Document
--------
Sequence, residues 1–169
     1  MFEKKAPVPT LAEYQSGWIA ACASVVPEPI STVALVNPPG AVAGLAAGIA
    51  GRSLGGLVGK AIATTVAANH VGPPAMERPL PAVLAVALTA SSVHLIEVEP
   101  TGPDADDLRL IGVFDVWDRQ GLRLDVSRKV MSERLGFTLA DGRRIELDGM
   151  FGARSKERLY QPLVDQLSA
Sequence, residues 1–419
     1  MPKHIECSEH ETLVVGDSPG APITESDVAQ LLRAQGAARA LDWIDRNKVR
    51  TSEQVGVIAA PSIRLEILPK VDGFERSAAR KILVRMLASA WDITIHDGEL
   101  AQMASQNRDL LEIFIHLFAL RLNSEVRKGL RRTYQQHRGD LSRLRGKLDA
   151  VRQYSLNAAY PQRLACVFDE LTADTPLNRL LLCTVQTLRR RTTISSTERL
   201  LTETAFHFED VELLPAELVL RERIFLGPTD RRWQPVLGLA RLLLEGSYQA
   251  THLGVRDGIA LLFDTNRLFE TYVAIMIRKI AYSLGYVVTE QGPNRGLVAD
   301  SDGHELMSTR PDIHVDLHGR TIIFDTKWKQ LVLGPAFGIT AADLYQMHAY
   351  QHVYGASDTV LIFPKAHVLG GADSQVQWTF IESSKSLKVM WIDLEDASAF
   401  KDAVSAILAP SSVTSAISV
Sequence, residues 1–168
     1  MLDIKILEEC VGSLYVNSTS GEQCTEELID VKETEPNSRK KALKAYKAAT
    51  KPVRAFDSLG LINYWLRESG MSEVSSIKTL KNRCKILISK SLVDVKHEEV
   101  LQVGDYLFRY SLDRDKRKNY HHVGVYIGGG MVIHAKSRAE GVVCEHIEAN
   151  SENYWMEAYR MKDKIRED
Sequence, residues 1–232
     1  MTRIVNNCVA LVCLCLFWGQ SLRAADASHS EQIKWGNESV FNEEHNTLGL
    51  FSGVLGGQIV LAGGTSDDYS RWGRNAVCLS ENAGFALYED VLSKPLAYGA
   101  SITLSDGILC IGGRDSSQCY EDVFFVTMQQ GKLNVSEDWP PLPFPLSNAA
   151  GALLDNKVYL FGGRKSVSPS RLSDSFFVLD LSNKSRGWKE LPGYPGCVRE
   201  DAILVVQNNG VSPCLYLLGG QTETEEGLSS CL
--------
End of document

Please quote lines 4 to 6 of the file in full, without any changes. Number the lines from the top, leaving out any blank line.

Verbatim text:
   101  TGPDADDLRL IGVFDVWDRQ GLRLDVSRKV MSERLGFTLA DGRRIELDGM
   151  FGARSKERLY QPLVDQLSA
Sequence, residues 1–419